“What’s really going on here?” That’s the question I typically ask students to kick-start a discussion about some aspect of American intelligence at the Johns Hopkins School of Advanced International Studies, where I teach a graduate course on the subject.
This same question might fairly be asked about the controversy dominating the news since the leak that revealed the intelligence community’s highly classified electronic surveillance program. Why are we so fascinated with this case? Why are some Americans outraged at the government while others are outraged at the leaker? Why do so many of us have such firm and passionate views about all of this?
At one level, the answer is simple: Intelligence is a sexy subject, particularly in the post-9/11 era. And the surveillance program was a secret, so who wouldn’t be interested? But this controversy taps into deeper cultural strains that go to the very heart of the intelligence community’s role in America, and perhaps our maturation as a nation. The bottom line is that intelligence, as a profession, still does not sit comfortably in our polity. There are a number of reasons for this.
First, the essential qualities of good intelligence inevitably clash with the underlying values of an open, pluralistic and free society such as ours. The effectiveness of our democracy depends on an informed citizenry; effective intelligence depends on withholding and protecting information deemed sensitive. As citizens, Americans cherish their privacy; intelligence officers, subject to frequent background checks, polygraphs and intrusive financial disclosure, are accustomed to giving it up. The functioning of our system revolves around the rule of law; the functioning of intelligence, while based in American public law, relies on the willingness of its officers to “get chalk on their cleats” to quote former CIA Director Michael Hayden — and to actually break the laws of other countries by secretly recruiting foreign nationals as agents. So as the curtain is pulled back on the NSA’s surveillance program, many of us instinctively recoil — and even some supporters wince a little. Meanwhile, prurient interest in the details skyrockets.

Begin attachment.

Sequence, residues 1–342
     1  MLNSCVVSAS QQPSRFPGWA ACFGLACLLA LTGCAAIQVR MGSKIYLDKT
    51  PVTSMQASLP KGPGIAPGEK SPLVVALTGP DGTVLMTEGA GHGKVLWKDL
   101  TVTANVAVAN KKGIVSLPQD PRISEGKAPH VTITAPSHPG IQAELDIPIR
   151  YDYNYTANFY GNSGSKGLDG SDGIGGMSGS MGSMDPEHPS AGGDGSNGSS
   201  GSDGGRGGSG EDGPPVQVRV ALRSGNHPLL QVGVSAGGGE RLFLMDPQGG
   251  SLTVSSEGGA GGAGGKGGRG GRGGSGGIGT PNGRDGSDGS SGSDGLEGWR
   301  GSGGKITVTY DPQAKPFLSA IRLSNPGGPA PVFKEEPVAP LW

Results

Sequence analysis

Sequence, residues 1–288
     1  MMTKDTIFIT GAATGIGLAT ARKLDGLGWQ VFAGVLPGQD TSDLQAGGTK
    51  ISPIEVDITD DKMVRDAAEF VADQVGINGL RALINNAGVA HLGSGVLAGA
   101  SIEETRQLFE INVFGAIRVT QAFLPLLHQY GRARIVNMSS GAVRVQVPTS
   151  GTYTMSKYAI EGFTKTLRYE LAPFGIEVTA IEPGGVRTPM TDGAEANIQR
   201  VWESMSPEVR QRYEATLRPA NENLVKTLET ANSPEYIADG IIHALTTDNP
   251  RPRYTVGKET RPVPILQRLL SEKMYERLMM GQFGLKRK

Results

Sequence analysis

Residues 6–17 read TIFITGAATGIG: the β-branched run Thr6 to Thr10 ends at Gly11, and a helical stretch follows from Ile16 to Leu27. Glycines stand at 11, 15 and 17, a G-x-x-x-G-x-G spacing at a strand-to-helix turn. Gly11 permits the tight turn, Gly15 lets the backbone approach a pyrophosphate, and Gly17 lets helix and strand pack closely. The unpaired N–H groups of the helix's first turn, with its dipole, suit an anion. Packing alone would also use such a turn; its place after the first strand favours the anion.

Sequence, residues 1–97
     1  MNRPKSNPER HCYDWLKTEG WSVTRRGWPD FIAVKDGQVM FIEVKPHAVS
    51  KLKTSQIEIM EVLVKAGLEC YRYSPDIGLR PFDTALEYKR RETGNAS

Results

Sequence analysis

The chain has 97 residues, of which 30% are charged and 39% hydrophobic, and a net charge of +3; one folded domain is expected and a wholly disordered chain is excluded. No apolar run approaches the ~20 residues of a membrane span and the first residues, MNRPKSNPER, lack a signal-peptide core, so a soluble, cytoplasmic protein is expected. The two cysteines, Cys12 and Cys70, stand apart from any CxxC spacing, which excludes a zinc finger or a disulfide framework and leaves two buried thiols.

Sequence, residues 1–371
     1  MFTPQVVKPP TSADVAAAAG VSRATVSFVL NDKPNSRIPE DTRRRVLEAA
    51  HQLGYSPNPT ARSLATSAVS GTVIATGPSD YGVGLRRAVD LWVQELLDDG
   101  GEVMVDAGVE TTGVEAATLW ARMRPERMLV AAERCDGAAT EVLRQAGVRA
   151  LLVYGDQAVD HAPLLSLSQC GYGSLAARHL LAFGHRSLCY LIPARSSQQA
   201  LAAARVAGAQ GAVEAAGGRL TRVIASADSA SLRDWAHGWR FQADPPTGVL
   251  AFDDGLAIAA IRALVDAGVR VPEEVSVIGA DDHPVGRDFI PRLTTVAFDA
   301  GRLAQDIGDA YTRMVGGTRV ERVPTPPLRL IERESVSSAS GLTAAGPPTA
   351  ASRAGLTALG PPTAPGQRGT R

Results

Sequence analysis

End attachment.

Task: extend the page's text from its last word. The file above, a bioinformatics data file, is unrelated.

Second, we are a “young” intelligence nation, and intelligence is still the most novel tool in our foreign policy kit. The United States was the last major country to organize intelligence at the national level. To be sure, intelligence played a role in the Civil War, and our military services have long had specialized intelligence services. But as late as 1929, the secretary of state, Henry Stimson, could declare in all seriousness that “Gentlemen do not read each other’s mail,” as he cut his department’s funding for America’s first cryptanalysis organization — the so-called Black Chamber. By contrast, the French had had a “cabinet noir” as far back as the 16th century — an organization within the post office tasked by the king specifically with reading other people’s mail. The Chinese have thought systematically about intelligence since strategist Sun Tzu’s historic writing in the 6th century BC; the British had an organized spy service under Elizabeth I in the 16th century; the Russians have embraced the profession for centuries, as have most of our European partners. But it was not until 1947 that intelligence really entered the U.S. national conversation with the creation of the Central Intelligence Agency.